Hence, take a moment to focus on your breathing. When you do this, you will clear your mind.
1d. Focus on the next thing
Decide on the next one thing you have to do. Do that mindfully, and repeat.
1e. Use your breath
If at some time during the day you lose your focus, stop. Do breathing meditation for a few minutes.
2: Block Unwanted Sounds by Listening to Relaxing Music
Whenever I am working on THE DAILY MEDITATION, I always listen to meditation music to help me focus.
Meditation music is specifically composed to help us concentrate. So, simply play some relaxing meditation music.
3. Train Your Mind to Tune Out Sounds With This Mudra
Now if I can get a little alternative for one moment. You can use a mudra (hand gesture) to focus. The best one to use if called Hakini Mudra.\
Here is how to do it.
- Face your palms towards each other, holding your hands up in front of you.
- Curl all the fingertips of both hands so they touch the fingertips of the other hand.
- Focus your gaze towards your Third Eye Chakra (between the eyebrows)
- Inhale and move your tongue so that it is touching the roof of your mouth
- Continue for ten minutes.
This will also help with brain fog and clarity.
4. Learn to appreciate sounds
Human beings tune out sounds using auditory selection.
People who are easily distracted by sound may have lower auditory selection skills than other people. This means they are less able to tune-out noise mentally.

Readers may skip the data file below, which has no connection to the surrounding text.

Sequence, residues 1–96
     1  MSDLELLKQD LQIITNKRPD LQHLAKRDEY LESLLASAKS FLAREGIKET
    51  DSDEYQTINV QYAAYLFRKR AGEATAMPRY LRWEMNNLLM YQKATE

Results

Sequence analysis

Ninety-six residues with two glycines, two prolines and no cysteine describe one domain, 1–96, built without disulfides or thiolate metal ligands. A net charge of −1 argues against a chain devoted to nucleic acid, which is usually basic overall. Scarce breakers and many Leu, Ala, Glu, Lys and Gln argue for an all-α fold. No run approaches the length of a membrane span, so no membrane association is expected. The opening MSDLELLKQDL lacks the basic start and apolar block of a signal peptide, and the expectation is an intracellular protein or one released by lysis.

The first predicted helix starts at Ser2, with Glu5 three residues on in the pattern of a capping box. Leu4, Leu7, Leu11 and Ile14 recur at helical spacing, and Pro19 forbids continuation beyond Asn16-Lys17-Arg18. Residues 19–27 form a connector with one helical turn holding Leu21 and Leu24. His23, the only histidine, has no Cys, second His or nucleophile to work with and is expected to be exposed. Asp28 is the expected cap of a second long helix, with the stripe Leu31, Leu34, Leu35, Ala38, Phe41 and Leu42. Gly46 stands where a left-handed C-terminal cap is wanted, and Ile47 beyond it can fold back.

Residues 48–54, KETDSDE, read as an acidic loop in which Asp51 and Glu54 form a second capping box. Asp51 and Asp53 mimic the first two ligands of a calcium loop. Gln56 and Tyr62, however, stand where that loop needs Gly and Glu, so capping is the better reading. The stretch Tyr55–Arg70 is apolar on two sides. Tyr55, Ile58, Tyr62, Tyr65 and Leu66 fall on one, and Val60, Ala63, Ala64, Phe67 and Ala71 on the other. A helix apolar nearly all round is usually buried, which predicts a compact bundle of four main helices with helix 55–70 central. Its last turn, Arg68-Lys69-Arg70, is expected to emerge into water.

There is a way around this: The trick is to learn to accept the noise. Here’s an example:
Imagine you don’t get along with a colleague at work (let’s call him Tom). Tom is a grouch and is often angry. Plus, he is always chewing gum. When you hear tom chewing gum you’re reminded of his anger. Therefore, the sound of chewing gum distracts you and makes you stressed because it makes you visualize Tom snapping at you. But what would happen if you weren’t bothered by Tom’s anger? You would be less sensitive to Tom’s chewing because you’re no longer bothered by reminders of his anger.
There is a root reason why certain sounds grate us. If you weed-out that root cause you will be less distracted by the sound.